However, when it comes to choosing the right fiber cable solution for your deployment it can be difficult. On the page, each one can look the same so, to help network planners and installers, we’ve created a series of videos. These showcase the complete range of solutions available from PPC; they demonstrate what makes our products different and how they assist in bringing down cost and time, while meeting rigorous quality standards.

Topics: Fiber to the home, Fiber innovations

Read More

Who sets the standards for fiber cable?

Posted by Dave Stockton

In the high-tech telecoms world, the credit for new advances often goes to smart scientists and busy entrepreneurs. However, there is a group of people without whom the whole interconnected machine would fall apart. These are the men and women that generate the standards – the norms – to which a particular item performs and perhaps, even more importantly, defines its interface with other parts of the system.

Most people in the industry have heard about the different standards bodies, but exactly who are these people, what do their organizations do and how do they operate? This blog post aims to shed light on the whole area of standards for fiber cable and provide an introduction to the benefits they provide.

Topics: Regulatory/Policy, Fiber innovations

Read More

Gigabit networks - what are the future options for copper and fiber?

Posted by Dave Stockton

It is one of life’s ironies that the equipment used to establish ultra-fast communication links, the telecommunications fixed network, has lived up to its name and remained fixed for several decades. The traditional metallic conductor-based ‘tree and branch’ architecture forms the basis of most telcos main networks. It has gradually evolved and provided more capacity, from basic 64 kbit/s telephony through dial-up ‘broadband’ to genuine broadband via wholly copper links (ADSL and ADSL2).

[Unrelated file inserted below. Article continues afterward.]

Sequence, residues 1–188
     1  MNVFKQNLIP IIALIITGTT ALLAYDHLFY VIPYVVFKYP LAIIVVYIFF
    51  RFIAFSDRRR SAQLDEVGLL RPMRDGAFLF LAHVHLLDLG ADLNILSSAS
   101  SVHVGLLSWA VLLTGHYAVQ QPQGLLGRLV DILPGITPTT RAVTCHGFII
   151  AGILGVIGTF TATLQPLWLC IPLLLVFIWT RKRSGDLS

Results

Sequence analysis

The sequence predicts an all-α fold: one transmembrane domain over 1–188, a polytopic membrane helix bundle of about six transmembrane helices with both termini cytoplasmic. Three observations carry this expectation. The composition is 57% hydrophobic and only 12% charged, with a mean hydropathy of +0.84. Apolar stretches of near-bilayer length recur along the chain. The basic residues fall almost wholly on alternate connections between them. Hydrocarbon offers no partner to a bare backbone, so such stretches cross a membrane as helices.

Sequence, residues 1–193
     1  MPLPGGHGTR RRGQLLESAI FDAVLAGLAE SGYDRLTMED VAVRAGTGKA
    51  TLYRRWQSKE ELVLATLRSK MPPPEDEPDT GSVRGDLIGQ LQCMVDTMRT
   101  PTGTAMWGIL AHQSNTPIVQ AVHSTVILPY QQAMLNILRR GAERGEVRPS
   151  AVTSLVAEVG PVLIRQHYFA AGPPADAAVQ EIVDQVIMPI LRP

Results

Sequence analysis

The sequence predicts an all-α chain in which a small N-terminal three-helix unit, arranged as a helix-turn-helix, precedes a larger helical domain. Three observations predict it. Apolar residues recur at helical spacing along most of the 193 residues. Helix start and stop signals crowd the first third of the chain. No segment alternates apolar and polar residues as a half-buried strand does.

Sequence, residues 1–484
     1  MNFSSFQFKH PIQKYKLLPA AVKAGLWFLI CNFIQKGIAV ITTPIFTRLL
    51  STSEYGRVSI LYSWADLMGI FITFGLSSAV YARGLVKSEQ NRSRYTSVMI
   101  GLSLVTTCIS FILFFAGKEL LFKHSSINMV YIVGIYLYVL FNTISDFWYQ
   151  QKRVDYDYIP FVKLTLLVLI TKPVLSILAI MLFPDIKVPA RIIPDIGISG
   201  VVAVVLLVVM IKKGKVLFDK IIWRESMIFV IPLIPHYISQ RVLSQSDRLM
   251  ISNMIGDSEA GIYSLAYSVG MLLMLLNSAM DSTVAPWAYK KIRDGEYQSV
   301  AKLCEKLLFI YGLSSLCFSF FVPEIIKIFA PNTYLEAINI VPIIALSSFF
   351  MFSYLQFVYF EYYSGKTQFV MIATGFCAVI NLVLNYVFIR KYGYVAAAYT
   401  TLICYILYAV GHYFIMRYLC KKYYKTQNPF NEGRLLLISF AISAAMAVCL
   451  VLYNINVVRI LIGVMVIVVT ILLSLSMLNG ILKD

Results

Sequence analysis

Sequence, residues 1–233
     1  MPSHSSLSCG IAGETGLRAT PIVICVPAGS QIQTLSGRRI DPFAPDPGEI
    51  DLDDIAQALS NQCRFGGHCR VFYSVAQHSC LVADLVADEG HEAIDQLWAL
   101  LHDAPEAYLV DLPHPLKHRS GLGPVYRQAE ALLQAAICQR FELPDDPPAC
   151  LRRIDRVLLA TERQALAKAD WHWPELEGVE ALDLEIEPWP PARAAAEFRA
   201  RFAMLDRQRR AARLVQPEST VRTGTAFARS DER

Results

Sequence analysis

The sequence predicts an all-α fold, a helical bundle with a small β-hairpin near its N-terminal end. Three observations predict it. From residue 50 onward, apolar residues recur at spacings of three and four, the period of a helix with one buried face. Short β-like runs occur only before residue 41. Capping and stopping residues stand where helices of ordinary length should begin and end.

These systems nearly always use copper conductor cables that have remained largely unchanged for over 30 years. VDSL (also known as Fiber to the Cabinet) however started a change that used optical fiber to a deep cabinet (i.e. one near a customer group) to step up capacity, from the approximately 20 Mb/s ADSL limit to a figure nearer 100 Mb/s.

Topics: Fiber to the premises, Fiber to the home, Costs/ROI, Fiber innovations

Read More

Protecting fiber to help answer some of the biggest questions of all

Posted by Tom Carpenter

How did the universe begin? Does it have an end? Answering these questions is the aim of the Subaru Prime Focus Spectrograph (PFS), which will be based at the Subaru telescope in Hawaii. Subaru is the Japanese term for the Pleiades star cluster, and the multi-million pound instrument will come into service in 2018. It will rely on PPC products to protect fiber within the Subaru PFS.

Detecting dark matter

The PFS will enable astronomers to study dark matter - the 80% of the mass in the universe that has never been directly detected, helping better understand the future of the cosmos. It will do this by measuring the motion of about one million stars in the Milky Way and Andromeda galaxies and looking at how they are distributed across a huge area of space. Due to the power of the Subaru telescope and the wavelength coverage of PFS it will allow the first true census of early galaxies, peering back in time and helping answer the question of why we are here.

Topics: vertical markets, Fiber innovations

Read More